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The Strategic Arms Reduction Treaty, usually known as START, grew out of negotiations between the United States and the Soviet Union. The START talks began in 1983 to replace the Strategic Arms Limitation Talks, or SALT. After nearly a decade of negotiations, the two nations signed the START I Treaty on July 31, 1991. Soon thereafter, the Soviet Union broke up and the treaty was revised to recognize the existence of former Soviet republics with nuclear capabilities. START I became effective in November 1994. Negotiations to reduce the number of nuclear weapons had already begun. Another treaty, known as START II, was ratified by the United States Senate, but not the Russian Duma. An entirely new treaty, known as the Treaty of Moscow, was signed in 2002. Under that treaty, each side would reduce its nuclear arsenal from about 6,000 weapons to 2,200 by the year 2012.
START I provided for reductions in the number of strategic offensive arms to equal aggregate levels over a period of seven years. The treaty covers both warheads and delivery systems, such as inter-continental ballistic missiles.
The Lisbon Protocol to the START I Treaty was signed on May 23, 1992, and was orchestrated to accommodate for the breakup of the former Soviet Union. The parties of the treaty were designated as Belarus, Kazakhstan, Russia, and Ukraine, the legal successors of the former Soviet Union. START did not come into force until all of them except Russia had become non-nuclear nations adhering to the Nuclear Non-Proliferation Treaty. After that condition had been met, the parties of START exchanged formal instruments of ratification in Budapest, Hungary, on December 5, 1994.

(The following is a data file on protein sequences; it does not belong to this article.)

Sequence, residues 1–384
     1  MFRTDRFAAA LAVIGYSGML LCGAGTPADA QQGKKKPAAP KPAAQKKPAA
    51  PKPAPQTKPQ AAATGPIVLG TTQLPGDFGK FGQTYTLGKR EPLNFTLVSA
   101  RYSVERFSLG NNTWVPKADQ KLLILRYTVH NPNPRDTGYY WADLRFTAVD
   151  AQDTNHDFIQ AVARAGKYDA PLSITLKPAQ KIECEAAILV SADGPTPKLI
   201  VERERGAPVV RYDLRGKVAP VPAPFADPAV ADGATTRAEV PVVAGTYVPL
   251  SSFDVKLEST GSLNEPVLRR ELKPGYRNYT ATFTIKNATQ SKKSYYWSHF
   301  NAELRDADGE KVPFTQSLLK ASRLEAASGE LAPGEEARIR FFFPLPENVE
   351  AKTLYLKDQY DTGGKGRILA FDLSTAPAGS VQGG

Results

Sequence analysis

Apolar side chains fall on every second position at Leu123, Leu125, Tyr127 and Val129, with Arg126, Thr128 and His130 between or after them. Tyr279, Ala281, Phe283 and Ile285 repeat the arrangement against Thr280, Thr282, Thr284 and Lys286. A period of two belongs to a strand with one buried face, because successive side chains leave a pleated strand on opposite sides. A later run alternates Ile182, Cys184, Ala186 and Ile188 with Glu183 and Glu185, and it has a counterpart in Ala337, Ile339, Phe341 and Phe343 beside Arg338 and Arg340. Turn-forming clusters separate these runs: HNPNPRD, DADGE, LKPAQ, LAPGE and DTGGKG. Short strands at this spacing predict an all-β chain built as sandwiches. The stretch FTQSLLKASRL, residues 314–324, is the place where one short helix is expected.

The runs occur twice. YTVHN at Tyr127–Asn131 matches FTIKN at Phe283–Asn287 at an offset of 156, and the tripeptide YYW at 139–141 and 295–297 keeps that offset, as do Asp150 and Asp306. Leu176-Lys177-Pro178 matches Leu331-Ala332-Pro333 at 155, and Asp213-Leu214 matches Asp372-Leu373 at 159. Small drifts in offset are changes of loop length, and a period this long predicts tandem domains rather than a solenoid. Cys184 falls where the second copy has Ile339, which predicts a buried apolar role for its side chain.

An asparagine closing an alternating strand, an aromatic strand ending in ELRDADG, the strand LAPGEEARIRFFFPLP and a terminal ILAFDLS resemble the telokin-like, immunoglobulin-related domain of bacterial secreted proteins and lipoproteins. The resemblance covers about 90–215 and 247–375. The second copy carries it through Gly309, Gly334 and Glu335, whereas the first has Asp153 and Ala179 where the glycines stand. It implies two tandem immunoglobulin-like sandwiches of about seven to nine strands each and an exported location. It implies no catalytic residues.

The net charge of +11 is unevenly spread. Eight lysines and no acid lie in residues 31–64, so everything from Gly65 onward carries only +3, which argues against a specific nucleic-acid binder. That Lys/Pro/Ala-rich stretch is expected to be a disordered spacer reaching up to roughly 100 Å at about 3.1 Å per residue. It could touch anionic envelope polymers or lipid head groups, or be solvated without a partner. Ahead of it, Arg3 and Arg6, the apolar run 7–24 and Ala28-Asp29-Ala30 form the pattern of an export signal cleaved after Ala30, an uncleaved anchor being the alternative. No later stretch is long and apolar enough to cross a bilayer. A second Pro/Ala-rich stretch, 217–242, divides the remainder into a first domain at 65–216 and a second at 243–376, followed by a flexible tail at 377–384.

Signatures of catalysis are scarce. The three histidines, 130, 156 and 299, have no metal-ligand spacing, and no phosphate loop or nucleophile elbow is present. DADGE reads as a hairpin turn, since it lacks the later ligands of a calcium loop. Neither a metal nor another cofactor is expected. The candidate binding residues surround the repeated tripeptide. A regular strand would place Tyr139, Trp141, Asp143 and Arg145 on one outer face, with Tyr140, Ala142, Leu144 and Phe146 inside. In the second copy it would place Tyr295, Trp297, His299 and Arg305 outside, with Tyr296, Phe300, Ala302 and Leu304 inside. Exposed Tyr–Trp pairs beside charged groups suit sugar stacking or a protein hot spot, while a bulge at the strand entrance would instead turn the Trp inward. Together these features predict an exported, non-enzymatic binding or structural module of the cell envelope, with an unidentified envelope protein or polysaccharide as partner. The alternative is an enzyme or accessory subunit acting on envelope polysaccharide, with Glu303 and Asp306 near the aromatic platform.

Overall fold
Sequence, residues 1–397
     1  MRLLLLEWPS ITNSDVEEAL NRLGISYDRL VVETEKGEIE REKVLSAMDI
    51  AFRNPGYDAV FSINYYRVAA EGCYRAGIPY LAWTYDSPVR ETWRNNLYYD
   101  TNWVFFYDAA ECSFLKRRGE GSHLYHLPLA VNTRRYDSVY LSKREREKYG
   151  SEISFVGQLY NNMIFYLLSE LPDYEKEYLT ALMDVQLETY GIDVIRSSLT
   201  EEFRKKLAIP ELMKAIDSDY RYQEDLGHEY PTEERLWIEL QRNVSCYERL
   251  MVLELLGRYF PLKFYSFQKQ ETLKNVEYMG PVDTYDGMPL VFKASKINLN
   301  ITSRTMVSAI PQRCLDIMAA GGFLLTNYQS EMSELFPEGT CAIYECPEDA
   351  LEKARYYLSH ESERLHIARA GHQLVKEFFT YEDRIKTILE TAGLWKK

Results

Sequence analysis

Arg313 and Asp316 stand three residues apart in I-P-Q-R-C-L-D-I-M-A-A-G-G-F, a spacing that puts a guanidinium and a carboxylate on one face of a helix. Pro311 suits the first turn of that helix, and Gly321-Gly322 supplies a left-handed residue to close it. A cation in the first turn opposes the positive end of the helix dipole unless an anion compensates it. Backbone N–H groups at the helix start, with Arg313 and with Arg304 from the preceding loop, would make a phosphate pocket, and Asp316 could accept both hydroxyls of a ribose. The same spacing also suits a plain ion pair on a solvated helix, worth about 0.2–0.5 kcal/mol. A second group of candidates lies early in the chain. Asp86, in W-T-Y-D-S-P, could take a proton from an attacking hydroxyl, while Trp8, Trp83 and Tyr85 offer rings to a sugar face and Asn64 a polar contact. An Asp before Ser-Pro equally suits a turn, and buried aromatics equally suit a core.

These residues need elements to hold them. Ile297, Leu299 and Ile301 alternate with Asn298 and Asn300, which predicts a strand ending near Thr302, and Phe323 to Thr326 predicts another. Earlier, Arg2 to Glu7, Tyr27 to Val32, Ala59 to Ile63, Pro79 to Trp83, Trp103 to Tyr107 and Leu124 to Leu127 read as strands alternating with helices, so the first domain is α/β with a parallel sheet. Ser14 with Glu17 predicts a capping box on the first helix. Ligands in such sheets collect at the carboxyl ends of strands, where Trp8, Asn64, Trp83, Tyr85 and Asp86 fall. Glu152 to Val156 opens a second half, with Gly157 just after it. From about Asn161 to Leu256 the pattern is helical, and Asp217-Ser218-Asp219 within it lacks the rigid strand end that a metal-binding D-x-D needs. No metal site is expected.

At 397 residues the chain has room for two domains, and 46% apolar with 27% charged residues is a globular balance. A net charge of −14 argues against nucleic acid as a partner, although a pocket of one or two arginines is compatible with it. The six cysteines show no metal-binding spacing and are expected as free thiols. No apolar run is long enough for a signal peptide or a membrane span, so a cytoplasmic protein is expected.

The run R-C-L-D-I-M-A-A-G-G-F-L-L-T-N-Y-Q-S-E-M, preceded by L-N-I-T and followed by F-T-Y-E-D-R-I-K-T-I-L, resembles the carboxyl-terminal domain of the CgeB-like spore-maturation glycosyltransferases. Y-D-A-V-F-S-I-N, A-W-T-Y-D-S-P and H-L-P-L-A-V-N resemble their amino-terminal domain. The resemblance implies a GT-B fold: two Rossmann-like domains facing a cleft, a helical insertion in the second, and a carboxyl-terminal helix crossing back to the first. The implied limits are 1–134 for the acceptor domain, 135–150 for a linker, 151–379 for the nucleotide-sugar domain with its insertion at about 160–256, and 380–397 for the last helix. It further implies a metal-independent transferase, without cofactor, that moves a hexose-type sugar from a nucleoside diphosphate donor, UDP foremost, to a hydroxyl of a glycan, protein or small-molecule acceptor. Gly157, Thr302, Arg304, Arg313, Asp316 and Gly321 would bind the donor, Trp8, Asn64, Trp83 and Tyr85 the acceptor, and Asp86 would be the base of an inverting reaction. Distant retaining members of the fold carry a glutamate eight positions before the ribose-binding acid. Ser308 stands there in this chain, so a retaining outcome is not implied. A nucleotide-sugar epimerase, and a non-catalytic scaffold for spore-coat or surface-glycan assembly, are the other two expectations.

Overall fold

The second round of talks led to the START II Treaty. President George H.W. Bush and Russian President Boris Yelstin signed the treaty in January 1993, but it did not take effect until START I ended. In September 1994, Yeltsin and President Bill Clinton agreed to begin dismantling their nuclear weapons as soon as the treaty could be ratified by the legislatures for both countries. The U.S. Senate ratified the treaty, but the Russian Duma initially postponed ratification in response to the U.S. and British strikes against Iraq on December 25, 1998 and again on April 2, 1999, because of the NATO bombing against Yugoslavia. The Duma finally ratified the treaty on April 14, 2000.
On May 24, 2002, U.S. President George W. Bush and Russian President Vladimir Putin signed SORT, the Strategic Offensive Reductions Treaty, usually called the Treaty of Moscow. The treaty formalized the understandings reached between the two men at the Washington/Crawford Summit in December 2001. The two countries were allowed to choose the types of weapons they would retain within the agreed limits, and conferences were scheduled to occur twice annually to deal with issues arising from the treaty. The treaty was approved by the U.S. Senate on March 6, 2003, and by the Russian Duma on May 14, 2003.
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Do students who start in August have an advantage? Possibly, but they also run the risk of burnout. If you approach History Day in the classroom for the right reason - itís the best program in the nation to teach research, analytical ...